Hence it is observation statements that build science.

It is completely clear that publication of new observations is one of the basic properties of science. Theories based on observations are another. Theories that are not confirmed by observations have problems getting acceptance.

As said above, science is built by carefully described observations and by theories formed from such observations.

In this case Chalmers was not completely lost in his description!


Even if we assume that perceptions are straightforwardly given in the act of seeing it is absurd to think that statements of fact enter the brain by way of the senses.

In case Chalmers should read any scientific publication he would possibly be in a situation to notice that a statement about an observation could enter his brain.


It is a mistake to presume that we must first observe the facts about apples before deriving knowledge about them from those facts, because the appropriate facts, formulated as statements, presuppose quite a lot of knowledge about apples.

This is a summary of that Chalmers does not understand a scientific process. He looks at science from the outside and assumes that scientific “facts” already exist. Then he wants to criticize the belief in such “facts”.

Within an unknown area a phenomenon is first observed. From these observations an initial hypothesis is created. Then the hypothesis is carefully investigated (attempts of futher verification or falsification) and modifies it if necessary. An additional step is to investigate the hypothesis’ consequences, and from this modify it or perform additional observations. This was by Aristotle called an inductive-deductive method.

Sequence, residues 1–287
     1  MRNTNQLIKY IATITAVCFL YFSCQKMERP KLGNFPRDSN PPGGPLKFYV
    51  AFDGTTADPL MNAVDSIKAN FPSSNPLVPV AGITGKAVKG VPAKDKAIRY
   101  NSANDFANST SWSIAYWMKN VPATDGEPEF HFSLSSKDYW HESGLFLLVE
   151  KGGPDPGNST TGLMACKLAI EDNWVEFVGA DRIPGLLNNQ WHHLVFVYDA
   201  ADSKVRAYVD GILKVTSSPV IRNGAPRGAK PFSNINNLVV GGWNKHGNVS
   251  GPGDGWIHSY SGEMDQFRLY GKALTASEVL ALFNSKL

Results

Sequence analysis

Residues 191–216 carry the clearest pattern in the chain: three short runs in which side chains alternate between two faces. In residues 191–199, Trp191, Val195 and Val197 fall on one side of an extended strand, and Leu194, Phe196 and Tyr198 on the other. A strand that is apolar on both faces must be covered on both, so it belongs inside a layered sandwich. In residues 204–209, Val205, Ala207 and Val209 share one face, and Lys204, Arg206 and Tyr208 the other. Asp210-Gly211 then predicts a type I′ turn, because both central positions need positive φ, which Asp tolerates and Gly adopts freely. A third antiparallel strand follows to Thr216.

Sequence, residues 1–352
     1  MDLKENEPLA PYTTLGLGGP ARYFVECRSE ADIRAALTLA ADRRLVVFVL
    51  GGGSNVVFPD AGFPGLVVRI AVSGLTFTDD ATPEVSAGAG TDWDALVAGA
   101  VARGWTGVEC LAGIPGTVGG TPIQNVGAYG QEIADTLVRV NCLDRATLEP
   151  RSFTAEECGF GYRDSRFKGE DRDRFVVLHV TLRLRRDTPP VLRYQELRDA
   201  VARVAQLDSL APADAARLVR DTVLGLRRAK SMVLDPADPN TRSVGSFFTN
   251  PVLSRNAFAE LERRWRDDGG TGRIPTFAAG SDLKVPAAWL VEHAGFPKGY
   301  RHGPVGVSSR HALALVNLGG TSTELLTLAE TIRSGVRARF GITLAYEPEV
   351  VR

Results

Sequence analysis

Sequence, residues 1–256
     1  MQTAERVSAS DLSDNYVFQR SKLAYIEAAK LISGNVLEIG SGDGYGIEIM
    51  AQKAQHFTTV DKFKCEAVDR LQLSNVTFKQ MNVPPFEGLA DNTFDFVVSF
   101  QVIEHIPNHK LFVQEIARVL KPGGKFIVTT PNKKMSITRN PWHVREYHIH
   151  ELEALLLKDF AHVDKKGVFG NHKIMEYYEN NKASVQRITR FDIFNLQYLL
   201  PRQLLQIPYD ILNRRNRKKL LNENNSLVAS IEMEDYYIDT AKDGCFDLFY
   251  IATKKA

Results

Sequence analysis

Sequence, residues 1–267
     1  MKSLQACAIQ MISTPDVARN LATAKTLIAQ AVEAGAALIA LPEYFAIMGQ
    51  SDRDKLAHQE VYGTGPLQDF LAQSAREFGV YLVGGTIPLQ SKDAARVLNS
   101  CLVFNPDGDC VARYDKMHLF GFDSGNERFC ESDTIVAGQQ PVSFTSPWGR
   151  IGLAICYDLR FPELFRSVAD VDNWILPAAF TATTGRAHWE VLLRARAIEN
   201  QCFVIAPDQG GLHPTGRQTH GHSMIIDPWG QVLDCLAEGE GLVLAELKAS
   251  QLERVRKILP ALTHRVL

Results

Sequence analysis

Because reporting observation statements requires knowledge of the appropriate conceptual scheme the assumptions (a) /Facts are directly given to careful, unprejudiced observers via the senses/ and (b) /Facts are prior to and independent of theory/ cannot be accepted.

When performing observations it is clear that “practice makes perfect” and the observer is led by earlier experience about what is observed and how to make observations. Observations are often influenced by the observer’s experience, which may be expressed as that observations may be theory dependent.

This does not change the serious formulation of (a) (see comment to p.4): Observations are performed directly or indirectly (e.g. using measuring instruments) using our senses.

Neither it changes the serious formulation of (b) (see comment to p.4): Observations may be performed independent of theories.


Statements of fact are not determined in a straightforward way by sensual stimuli, and observation statements presuppose knowledge.
So it cannot be the case that we first establish the facts and then derive our knowledge from them.

Chalmers tries an apparently logic reasoning. He have added “in a straightforward way” in an attempt to safeguard himself. Who have claimed that a statement, or even an observation could be determined “in a straightforward way”? The reasoning is based on false premises and contains a false cause-result relation.

Observations, that may be interpreted based on earlier observations, leads to additional experience. All our experiences from our world is ultimately based on observations.

Without observation and experience we cannot even express the existence of a surrounding world, and even less claim existence of “facts” and “knowledge”.

When discussing our perceived world it is quite clear that we first perform observations and from these create hypotheses.


Why should facts precede theory?

Observations precede hypotheses (theories). A theory cannot precede every observation. Before any observation we do not even know what to create a hypothesis about.